Chances are by now you know all the gory details – allegations in the Panama Papers that the super-rich and politically connected, and even some of their relatives, have moved hundreds of thousands of dollars from their own countries into offshore accounts in Panama, Hong Kong and Singapore, amongst other places.
A lot of the international spotlight has been centred on the practice of offshore banking.
Some of the biggest global offshore banking centres can be found in Asia – Singapore, Macao, Dubai and Hong Kong, for example, are amongst the top spots for the global super-rich looking to open an offshore account.
The practice in itself isn’t illegal, but Asian capitals have been under pressure to share more information about who account holders are, and where the money comes from. So will the Panama Papers force more governments to become more transparent about tax?
Unlikely, says Andy Xie, an independent economist based in China and Hong Kong.
“In Asia it’s about how to hide your wealth that often hasn’t been legitimately acquired,” says Mr Xie. “Political power and ill-gotten wealth go hand in hand here.
“How are you going to convince people to close these doors?”
Evasion v. avoidance
Now let’s be clear – setting up an offshore account or an offshore company is perfectly legal.
But here’s where it gets complicated. There is a difference between tax evasion and tax avoidance. And the devil is in the details.
Tax evasion, according to Paul Lau, tax partner with professional services firm PricewaterhouseCoopers (PwC), is when “someone has income to report and then doesn’t report it.”
So if you have income in that offshore account, that you haven’t declared to tax authorities back in your home country, and you are required to report that income to them – then that could be illegal.
But tax avoidance is something a bit more “nebulous”, as Mr Lau puts it.
“Tax avoidance is taking advantage of certain tax provisions in a way that is not within the intent of the provision, to avoid paying tax.”
So that means – if you’ve found a perfectly legal way to avoid paying taxes because of a provision in the tax system – well, then depending on the country, you may not be doing anything illegal at all.
Lots of hedges and provisos here, but that’s sort of the point.
“The world is dotted with states and territories that make a speciality of providing services whose purpose is to facilitate ways to hide assets,” says anti-corruption advocacy group Transparency International.
Activists say it is time for these countries to reform the secret world of finance they operate and become more transparent.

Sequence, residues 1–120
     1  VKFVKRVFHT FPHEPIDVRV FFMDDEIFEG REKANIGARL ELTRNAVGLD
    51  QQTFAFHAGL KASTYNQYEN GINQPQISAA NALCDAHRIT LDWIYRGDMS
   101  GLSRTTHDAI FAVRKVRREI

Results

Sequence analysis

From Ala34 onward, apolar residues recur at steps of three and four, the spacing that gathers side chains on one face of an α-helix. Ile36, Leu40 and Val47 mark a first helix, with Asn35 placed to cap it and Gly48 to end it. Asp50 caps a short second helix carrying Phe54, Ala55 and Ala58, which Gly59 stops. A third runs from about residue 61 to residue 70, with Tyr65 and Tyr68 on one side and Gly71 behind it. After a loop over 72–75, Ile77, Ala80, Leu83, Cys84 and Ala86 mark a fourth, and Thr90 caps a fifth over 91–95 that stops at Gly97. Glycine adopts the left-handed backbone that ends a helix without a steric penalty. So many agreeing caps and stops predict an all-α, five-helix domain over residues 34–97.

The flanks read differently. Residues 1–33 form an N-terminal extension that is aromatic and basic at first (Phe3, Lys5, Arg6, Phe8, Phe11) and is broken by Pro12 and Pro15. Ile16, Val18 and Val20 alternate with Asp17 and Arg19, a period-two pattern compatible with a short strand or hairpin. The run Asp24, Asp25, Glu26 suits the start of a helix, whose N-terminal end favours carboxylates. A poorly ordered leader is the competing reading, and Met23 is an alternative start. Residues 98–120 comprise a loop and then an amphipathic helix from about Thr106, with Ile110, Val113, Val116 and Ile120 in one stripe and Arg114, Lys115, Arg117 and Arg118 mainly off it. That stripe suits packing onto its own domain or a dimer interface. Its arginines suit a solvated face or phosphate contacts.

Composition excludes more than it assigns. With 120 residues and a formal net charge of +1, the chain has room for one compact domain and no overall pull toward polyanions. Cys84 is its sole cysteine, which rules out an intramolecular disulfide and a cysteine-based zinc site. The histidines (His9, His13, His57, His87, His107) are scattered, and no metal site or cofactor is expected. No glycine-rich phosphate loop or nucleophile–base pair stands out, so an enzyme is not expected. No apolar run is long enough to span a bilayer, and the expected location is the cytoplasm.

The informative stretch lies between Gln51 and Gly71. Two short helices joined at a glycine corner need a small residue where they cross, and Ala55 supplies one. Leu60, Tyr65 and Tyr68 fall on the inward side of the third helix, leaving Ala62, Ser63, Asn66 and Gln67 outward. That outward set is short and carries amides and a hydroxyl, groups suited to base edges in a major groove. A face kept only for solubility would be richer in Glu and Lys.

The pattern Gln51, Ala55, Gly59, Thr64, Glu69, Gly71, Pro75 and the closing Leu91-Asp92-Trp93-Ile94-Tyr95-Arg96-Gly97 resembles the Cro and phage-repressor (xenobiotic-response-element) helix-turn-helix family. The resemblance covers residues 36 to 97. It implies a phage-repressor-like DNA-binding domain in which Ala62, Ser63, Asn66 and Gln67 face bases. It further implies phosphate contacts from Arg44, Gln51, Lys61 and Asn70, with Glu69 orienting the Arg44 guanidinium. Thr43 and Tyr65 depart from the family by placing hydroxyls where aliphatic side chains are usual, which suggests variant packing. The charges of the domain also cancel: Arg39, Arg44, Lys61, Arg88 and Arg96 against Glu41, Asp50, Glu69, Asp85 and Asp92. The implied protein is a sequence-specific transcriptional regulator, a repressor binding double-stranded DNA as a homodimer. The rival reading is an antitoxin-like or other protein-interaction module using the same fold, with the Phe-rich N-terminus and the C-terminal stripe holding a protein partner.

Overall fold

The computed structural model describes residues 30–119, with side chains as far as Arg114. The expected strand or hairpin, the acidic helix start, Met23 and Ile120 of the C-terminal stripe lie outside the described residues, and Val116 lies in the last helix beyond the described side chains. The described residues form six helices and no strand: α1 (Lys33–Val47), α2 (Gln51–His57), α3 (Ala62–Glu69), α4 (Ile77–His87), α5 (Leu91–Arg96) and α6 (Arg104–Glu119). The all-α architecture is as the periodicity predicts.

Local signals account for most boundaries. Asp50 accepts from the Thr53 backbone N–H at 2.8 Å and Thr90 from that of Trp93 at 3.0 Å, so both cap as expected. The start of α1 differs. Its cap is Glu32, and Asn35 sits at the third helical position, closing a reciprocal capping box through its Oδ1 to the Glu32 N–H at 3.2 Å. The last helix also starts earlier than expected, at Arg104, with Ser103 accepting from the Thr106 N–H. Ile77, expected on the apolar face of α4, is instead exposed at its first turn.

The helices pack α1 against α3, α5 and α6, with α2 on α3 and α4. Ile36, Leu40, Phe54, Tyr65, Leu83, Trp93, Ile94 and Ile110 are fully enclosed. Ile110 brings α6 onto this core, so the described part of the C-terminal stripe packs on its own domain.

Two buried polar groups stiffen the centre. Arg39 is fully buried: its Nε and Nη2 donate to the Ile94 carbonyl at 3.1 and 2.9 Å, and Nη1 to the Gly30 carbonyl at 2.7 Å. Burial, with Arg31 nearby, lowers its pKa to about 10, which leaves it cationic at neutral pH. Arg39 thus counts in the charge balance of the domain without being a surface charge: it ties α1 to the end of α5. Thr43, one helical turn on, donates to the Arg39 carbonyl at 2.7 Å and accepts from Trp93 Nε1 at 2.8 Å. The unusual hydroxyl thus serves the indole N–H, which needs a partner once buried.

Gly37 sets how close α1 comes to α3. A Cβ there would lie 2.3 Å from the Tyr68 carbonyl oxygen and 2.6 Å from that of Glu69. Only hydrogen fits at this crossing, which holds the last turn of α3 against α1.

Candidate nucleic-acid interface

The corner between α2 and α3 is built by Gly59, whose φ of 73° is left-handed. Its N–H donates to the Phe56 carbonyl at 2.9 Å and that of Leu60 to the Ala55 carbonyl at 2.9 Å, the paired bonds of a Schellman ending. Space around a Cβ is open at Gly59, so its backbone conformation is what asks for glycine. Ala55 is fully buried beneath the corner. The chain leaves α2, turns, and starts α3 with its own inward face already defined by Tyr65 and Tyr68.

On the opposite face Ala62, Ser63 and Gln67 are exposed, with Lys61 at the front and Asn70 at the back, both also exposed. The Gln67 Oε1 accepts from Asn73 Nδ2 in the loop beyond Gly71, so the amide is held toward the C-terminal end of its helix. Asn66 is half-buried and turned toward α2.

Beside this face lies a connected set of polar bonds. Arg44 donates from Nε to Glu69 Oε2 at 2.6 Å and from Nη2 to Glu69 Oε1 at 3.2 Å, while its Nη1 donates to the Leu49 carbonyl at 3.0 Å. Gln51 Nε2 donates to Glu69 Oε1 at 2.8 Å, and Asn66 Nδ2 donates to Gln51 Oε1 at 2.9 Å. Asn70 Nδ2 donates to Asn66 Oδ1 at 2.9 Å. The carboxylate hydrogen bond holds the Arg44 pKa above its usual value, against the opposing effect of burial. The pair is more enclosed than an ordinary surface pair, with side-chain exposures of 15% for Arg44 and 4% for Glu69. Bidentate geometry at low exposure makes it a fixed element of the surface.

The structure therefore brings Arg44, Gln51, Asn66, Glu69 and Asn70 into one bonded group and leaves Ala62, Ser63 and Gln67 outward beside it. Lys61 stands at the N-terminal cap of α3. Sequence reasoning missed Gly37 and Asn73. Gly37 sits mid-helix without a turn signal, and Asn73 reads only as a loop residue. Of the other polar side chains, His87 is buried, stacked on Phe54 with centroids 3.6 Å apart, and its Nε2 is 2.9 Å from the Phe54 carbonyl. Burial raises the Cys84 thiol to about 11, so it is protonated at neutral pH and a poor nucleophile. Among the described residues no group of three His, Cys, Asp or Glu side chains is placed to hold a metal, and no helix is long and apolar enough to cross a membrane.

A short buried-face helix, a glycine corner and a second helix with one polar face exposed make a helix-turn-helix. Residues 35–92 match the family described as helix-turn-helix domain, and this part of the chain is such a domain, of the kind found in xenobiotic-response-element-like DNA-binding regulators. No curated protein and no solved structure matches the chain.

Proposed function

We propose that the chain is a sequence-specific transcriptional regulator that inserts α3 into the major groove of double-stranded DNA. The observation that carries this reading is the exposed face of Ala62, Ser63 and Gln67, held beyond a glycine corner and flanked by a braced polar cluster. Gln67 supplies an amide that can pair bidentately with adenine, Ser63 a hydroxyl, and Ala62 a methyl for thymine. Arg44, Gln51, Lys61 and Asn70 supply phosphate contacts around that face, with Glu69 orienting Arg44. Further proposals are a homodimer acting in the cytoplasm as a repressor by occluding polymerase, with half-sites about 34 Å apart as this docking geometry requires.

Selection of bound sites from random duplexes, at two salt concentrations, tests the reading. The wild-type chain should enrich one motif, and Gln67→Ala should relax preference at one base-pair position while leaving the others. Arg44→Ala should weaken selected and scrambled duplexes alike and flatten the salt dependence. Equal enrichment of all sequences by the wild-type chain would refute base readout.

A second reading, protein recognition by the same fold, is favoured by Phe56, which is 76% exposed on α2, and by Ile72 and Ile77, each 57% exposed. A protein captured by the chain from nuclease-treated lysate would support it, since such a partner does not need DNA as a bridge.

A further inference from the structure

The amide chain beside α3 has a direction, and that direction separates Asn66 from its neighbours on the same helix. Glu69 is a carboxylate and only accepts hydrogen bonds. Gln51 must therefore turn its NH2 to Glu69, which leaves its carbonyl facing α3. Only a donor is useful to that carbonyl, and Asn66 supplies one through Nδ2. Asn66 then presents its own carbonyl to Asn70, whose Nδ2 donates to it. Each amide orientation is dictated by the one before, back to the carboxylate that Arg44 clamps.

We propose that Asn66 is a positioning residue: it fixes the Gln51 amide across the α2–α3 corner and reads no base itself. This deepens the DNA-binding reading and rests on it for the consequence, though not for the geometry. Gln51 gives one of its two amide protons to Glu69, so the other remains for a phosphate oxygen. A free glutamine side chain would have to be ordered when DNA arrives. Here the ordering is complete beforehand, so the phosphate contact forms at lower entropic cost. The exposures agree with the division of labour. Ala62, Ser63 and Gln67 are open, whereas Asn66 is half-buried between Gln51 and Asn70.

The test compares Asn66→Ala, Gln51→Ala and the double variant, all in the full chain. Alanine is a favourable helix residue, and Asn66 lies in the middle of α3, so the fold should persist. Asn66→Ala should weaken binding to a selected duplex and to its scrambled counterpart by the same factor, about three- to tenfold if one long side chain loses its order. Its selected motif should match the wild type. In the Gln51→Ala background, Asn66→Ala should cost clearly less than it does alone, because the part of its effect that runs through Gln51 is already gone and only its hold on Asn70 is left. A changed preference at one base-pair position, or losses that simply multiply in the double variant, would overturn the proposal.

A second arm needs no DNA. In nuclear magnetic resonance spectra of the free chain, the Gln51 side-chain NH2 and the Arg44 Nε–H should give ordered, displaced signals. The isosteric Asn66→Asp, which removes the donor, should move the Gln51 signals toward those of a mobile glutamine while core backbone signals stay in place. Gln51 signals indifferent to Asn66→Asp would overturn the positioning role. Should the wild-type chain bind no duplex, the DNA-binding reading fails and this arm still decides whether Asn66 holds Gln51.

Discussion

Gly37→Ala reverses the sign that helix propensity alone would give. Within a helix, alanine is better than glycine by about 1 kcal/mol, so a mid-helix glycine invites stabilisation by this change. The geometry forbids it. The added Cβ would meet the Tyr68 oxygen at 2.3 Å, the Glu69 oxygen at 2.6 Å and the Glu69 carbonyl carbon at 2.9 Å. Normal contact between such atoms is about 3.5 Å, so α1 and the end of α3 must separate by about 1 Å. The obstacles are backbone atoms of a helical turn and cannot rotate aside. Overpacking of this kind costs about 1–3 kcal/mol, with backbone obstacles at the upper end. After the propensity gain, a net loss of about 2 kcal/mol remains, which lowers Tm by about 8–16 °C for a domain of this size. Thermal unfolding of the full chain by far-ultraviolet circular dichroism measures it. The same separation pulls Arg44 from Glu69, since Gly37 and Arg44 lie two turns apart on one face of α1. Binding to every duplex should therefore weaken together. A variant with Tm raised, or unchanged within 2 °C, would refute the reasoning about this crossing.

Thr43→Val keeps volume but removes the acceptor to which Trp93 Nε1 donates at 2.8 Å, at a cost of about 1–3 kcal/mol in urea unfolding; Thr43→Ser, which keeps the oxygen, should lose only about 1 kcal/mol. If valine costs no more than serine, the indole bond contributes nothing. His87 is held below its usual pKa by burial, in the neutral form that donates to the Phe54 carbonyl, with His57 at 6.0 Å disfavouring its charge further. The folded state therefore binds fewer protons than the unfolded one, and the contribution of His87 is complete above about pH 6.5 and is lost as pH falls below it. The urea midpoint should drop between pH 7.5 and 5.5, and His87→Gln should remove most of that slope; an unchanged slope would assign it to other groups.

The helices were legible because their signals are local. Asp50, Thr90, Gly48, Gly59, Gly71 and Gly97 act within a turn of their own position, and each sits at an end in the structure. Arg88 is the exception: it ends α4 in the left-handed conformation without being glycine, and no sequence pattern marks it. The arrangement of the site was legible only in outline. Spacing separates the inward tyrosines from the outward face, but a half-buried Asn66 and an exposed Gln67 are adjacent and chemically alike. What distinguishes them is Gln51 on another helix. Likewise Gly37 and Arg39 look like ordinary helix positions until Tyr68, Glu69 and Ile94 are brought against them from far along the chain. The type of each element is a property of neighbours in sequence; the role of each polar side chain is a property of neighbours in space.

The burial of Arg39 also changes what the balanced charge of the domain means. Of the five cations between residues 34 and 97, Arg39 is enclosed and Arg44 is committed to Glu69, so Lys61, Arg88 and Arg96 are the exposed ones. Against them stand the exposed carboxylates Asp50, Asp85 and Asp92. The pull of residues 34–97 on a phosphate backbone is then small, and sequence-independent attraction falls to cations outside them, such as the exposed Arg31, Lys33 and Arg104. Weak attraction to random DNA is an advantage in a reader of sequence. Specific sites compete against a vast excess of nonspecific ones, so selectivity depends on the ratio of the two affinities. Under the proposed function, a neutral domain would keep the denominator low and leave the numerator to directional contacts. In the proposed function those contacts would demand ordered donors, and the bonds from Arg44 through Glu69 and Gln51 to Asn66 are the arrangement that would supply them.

“The enablers – the accountants, the lawyers, the business formation people – they’re all involved,” says Transparency International’s Casey Kelso.
“They are all getting a great deal of money as a percentage of these profits from these transactions.”
But reforming these offshore banking centres won’t be easy. This sort of business attracts billions of dollars for offshore banking centres every year, and it’s not just from individuals. Massive profit-making corporations often set up shop in these centres to pay less tax as well.
Google, Apple, Microsoft, BHP Billiton and Rio Tinto – they’re all household names – and all have admitted to being under audit by Australian tax authorities for using Singapore as a marketing and service hub.
They report hundreds of millions of dollars of income in Singapore, but pay lower tax on their money there than they would back in Australia, because of Singapore’s lower tax rates.
The companies say they’re not doing anything wrong, because Singapore is an important hub for them. But Australia says if money was earned from business done in Australia, tax should be paid there.
Both Singapore and Hong Kong have said they take a serious view of tax evasion and support international efforts to tackle cross-border transgressions.
The government here has been quick to point out its efforts to clamp down on any illegal activities.
“Singapore takes a serious view on tax evasion and will not tolerate its business and financial centre being used to facilitate tax related crimes,” the Monetary Authority of Singapore said in a statement.
Singapore’s Ministry of Finance added: “We are reviewing the information being reported in connection with the so-called Panama Papers and are doing the necessary checks.
“If there is evidence of wrongdoing by any individual or entity in Singapore, we will not hesitate to take firm action.”
In fact, many Asian countries have committed to exchange more tax information by 2018 as part of the Automatic Exchange of Information initiative set up by the OECD. Singapore, Japan, Hong Kong and Australia have all signed up.
So if you’re an Australian and you open a bank account in Singapore, by 2018 in theory, your government could know about it.
But critics say there’s no incentive for countries who depend on offshore banking to do this. In fact, their business depends on keeping things secret.
“The livelihoods of these offshore financial centres depend on giving their clients confidentiality,” says Mr Xie. “Otherwise why would people hide their money there?”
In the end, it’s all about who goes first. Countries want a level playing field, because if one offshore banking centre starts opening itself to greater scrutiny, there’s a very good chance their wealthy customers will flee, running to the next most secret place to park their cash.
And as we all know, where there’s demand, there will always be a ready supply.